An Eclectic Plethora of Media

On my creative journey I’ve explored many other media: murals, illuminari, carved ceramics, stained glass, mixed media sculpture, to name a few. Custom commission work assignments (such as portraits, murals, or ketubahs) were also always an enjoyable stretch.


I have created several in-home murals. The first ones were on my own bedroom wall when I was 13. Because of funding constraints I have not been able to actualize most large murals that I have created, however, this one was completed.  
     This 22’x12′ mural began as a project for the summer youth art camp at Spirit in the Arts. It provided some interesting challenges.
     First, it was done on 4’x8′ sheets of 1/2″ plywood, that had been underpainted by volunteers. The director took my little mock up drawing and traced it onto the sheets using a tracing projector. This was so that the kids in the art camp could paint in the big shapes in solid colors. It was a good concept, but my lack of availability ahead of time really didn’t serve well (I found out later). The children had fun with it, though, as did I. It was a good start.
     Camp ended, and it was time for me to complete the project. It quickly became apparent that the projector was not up to snuff as it warped the images in such a way that they didn’t line up from plywood sheet to plywood sheet. I had to have a space where all the sheets could be laid out as they would be attached to the wall so that I could re-align the images placement.
     The Art program was up on the 2nd floor. No elevator. Two flights with a turnaround  landing in the middle. The only place with floor space large enough to line up all of the sheets was down stairs and down the hall. They could not be left downstairs in the space shared with other programs, nor could they be worked on when those programs were occupying the space. I hauled the sheets down the stairs one by one from storage to the workspace before each work session, and back up again after.
     Anyway, it took months for me to complete the painting, on my hands and knees on the floor, in off-hours. Sometimes the minister from the Hmong church would come visit with me while I worked, but usually not. Sometimes, the director of the art program would assist me when her schedule enable her to, but she was really pressed to keep the art program going. Eventually, it was aligned, and I completed all the actual painting of the mural.
     It was installed on their building by the directors husband with appropriate heavy equipment. It hung overlooking the parking lot for several years, until right before they left the building. The community dedication for this mural was inspiring. Since it featured the faces of many local people, and celebrated the diversity there, it was welcomed with open arms. There were Aztec dancers, the Hmong youth brass band, hotdogs and artists. The community participation and approval was deeply touching.
     I’ve created several murals, both permanent and temporary. This one was one of the biggest challenges, and yet most satisfying.


Sidewalk chalk painting = illuminari, a temporary mural

I represented several businesses including PlacerArts in more than a few illuminari festivals. This is the classic style of  chalk painting. We use pastels, and never any water (unlike the more permanent chalk paints that are gaining popularity lately).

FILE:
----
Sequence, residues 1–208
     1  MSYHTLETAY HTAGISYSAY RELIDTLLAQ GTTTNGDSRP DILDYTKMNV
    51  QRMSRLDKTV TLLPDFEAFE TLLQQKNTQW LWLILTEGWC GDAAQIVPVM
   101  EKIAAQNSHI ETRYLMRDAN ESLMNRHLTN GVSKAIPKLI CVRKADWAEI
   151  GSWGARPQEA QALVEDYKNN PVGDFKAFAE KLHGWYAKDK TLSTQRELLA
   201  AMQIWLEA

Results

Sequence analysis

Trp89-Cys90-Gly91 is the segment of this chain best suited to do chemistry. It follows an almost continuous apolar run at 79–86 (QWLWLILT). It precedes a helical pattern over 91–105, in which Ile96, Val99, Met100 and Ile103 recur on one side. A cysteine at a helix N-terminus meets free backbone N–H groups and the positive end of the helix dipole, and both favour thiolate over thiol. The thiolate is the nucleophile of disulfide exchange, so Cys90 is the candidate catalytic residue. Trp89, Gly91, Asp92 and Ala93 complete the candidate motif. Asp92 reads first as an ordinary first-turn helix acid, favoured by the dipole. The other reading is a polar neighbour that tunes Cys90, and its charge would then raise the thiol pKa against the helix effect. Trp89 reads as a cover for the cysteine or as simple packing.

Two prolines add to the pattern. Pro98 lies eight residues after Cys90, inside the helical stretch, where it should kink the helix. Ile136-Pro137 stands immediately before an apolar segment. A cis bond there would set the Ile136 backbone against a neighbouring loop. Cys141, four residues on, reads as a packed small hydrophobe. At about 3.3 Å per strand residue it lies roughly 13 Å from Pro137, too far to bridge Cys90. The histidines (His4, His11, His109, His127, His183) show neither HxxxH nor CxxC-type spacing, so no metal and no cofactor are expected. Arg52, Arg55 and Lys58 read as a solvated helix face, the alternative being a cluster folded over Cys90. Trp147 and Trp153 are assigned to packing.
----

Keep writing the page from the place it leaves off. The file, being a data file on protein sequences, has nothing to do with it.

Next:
I love the feel of the media. It is much like pastel painting on a good toothed paper, only  you can’t layer too much chalk. If you add too much, it blows away. If it rains or someone drops a drink, it washes away. That’s part of the appeal to me. It is so fragile and temporary.

Also, doing illuminari is physically challenging. Most of the pieces I’ve done were at least 10’x10′ and involved many hours either squatting or on my hands and knees on the cement. One time, for example, as a guest artist at a Sacramento valley middle school,  I painted an 12’x17′ illuminari with the assistance of 240 6th graders in the middle of their “quad” area, and then hosted an illuminari festival for them. Working with the children, I had to be able to move fast, so I spent most of that day doing squats. The price of this wonderful experience: I couldn’t sit down for a couple days.


Hand built and carved ceramics are part of my 3D-Maker history. A very good friend of mine was the ceramics instructor at a college where I also taught. She taught me to hand build using coil and slab techniques which I loved. The two of us commuted to college together and attended several workshops together.

One of these was a Susan and Steven Kemenyffy workshop. At that time, this husband and wife were collaborating on their large vessel pieces. In the workshop, they demonstrated on a large slab piece. Watching Susan draw one her beautiful women on the pre-fired clay, and painting it with underglazes was inspirational to me. I decided I wanted to play with clay more.

Later that year, I bought some greenware teapots to paint (with underglazes) for my sisters for Christmas. As I was sketching on the first mold-poured greenware teapot with an automatic pencil, the tip scratched the surface. Oh, my! It opened up a whole new area of exploration: carving unfired clay. The first teapot became “The Sleeping Rhinoceros on the Road to Enlightenment.”

I decided I could use large commercial greenware vases as blank canvasses to carve and paint with underglazes. The lady at the greenware shop said that they were too delicate to carve. It became a challenge for me to see how much I could carve away, and paint with wet underglaze, without it just falling apart.

Wall Gypsy - Carved ceramic wall piece

Other Mixed Media Projects

Child Within Doll

Master's Thesis Pieces